The concept of Adiabatic is basically the isolation of a system in a realm where energy doesn't flow either way. Adiabatic compression and expansion is a common phenomenon harnessed in equipments and machines to heat or otherwise cool. The practical application of adiabatic can vary in design and technique, hence my question. If I have a tank of nitrogen gas at 300°C and 4500 psi and I want to cool the gas to 25°C and fill the nitrogen into a large balloon to a pressure of 20 psi, how can I harness adiabatics (especially adiabatic expansion) to cool the gas to my desired temperature between the tank and balloon.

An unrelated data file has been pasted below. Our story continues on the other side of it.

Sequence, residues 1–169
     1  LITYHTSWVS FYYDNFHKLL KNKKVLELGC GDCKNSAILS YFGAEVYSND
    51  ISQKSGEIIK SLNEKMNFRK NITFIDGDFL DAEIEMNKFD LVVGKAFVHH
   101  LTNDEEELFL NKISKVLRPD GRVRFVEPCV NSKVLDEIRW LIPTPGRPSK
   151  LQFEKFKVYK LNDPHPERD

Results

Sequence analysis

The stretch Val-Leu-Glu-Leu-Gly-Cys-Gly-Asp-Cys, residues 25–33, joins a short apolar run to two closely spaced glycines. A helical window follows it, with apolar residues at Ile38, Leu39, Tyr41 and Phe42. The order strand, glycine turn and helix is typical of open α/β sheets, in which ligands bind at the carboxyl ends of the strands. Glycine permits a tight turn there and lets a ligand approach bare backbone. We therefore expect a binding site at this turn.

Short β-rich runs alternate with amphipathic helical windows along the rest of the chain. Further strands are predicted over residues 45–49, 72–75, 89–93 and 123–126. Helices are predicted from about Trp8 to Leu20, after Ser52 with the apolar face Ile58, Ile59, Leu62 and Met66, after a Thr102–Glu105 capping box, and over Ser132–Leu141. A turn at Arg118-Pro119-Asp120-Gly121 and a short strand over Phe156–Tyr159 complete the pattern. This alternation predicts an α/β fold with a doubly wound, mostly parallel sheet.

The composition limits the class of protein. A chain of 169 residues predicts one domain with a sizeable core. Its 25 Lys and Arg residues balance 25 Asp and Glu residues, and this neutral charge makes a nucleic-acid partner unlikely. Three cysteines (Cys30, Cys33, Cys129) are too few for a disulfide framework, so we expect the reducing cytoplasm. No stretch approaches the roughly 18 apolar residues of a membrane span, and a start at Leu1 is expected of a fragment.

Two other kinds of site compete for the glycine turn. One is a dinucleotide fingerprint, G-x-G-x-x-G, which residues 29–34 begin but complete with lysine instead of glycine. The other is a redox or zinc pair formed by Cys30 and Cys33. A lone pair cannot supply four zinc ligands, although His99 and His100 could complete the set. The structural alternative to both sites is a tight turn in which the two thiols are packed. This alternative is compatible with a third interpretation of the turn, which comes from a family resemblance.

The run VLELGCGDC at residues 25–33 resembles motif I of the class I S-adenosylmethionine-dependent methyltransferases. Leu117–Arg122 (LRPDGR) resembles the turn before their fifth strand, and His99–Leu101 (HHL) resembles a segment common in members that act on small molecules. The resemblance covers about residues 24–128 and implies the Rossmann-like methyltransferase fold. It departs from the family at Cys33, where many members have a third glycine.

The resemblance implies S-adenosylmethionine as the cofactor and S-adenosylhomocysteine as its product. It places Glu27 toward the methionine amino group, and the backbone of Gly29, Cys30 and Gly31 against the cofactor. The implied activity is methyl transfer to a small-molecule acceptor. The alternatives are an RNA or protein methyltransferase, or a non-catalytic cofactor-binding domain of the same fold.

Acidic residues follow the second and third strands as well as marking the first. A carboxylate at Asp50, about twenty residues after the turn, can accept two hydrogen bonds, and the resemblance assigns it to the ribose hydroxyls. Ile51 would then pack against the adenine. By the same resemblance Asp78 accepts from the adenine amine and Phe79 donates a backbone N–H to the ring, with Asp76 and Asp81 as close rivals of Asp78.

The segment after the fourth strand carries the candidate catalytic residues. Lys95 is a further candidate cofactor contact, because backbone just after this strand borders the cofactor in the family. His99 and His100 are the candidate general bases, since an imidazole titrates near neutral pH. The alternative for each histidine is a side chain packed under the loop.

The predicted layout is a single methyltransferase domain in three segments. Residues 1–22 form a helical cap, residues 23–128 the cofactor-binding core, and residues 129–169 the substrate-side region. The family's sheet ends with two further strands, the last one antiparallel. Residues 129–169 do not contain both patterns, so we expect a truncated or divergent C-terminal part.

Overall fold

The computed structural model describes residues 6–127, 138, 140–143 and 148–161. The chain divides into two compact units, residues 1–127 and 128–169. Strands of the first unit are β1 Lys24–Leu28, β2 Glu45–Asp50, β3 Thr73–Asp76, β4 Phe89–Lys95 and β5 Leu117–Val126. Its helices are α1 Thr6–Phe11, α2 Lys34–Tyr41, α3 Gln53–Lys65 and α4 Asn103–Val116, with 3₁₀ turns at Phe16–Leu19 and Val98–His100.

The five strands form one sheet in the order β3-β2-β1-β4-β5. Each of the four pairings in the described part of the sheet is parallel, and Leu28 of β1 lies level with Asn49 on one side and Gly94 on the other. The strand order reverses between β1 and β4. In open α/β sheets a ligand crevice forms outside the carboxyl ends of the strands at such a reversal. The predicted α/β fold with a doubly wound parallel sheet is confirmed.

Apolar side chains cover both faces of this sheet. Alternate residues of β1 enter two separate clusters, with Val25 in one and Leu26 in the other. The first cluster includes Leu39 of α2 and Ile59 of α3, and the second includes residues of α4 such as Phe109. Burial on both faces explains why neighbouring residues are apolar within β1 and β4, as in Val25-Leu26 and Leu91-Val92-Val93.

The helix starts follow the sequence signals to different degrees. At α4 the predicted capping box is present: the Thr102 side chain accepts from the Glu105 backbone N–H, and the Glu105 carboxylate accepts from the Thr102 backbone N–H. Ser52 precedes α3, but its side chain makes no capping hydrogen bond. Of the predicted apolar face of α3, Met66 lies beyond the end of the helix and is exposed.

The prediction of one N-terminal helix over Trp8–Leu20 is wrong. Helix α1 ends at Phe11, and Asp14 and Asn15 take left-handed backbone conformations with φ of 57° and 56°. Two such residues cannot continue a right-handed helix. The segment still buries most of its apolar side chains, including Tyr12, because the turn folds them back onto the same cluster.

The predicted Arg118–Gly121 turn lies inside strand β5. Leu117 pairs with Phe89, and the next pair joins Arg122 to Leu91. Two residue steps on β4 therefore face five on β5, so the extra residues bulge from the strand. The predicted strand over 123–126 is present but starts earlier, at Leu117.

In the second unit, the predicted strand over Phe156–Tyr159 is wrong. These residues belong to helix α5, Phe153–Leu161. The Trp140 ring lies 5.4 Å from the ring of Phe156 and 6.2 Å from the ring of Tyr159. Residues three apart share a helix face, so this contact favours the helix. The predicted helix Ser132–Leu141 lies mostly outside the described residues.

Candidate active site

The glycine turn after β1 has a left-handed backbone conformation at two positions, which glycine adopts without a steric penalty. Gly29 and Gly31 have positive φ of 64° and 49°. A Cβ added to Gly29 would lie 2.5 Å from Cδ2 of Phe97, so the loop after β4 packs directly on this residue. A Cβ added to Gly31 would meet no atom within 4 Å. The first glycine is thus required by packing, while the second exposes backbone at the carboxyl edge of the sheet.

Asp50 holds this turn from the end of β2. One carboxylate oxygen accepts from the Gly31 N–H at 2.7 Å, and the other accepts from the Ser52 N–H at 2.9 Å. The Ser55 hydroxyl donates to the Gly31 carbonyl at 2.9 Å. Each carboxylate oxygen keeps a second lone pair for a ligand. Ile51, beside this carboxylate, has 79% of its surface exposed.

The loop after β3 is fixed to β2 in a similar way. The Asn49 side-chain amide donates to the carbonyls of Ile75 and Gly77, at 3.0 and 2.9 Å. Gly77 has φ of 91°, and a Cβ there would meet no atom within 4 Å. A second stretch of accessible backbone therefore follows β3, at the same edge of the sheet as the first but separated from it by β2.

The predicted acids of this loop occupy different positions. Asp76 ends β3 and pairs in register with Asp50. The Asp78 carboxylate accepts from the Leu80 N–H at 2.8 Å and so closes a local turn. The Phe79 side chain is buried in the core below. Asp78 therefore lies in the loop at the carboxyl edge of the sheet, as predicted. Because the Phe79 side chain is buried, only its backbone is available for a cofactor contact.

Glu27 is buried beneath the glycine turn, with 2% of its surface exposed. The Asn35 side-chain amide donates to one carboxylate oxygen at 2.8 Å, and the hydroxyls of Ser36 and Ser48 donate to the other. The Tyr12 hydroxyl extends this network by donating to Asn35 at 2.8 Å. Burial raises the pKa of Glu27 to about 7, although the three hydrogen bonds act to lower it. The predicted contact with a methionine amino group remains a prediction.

Adiabatic expansion of nitrogen at room temperature will produce Joule-Thomson cooling. If your tank were only slightly above room temperature, the resulting balloon would be quite cold. The bad news is all real gases have an inversion temperature where the J-T coefficient becomes negative and throttling the gas to a lower pressure makes the temperature go UP. Looking at the chart on Wikipedia, I have to wonder if you (or your professor) chose that temperature because it is close to the inversion temperature of nitrogen (348 °C). Adiabatically, taking 300 °C nitrogen from 310 bar (no mixed units, please) to 1 bar, you will get a little cooling, exactly how much requires an Mollier (Pressure-Enthalpy) diagram for nitrogen. Above 350 °C, you are not going to cool it by any adiabatic process.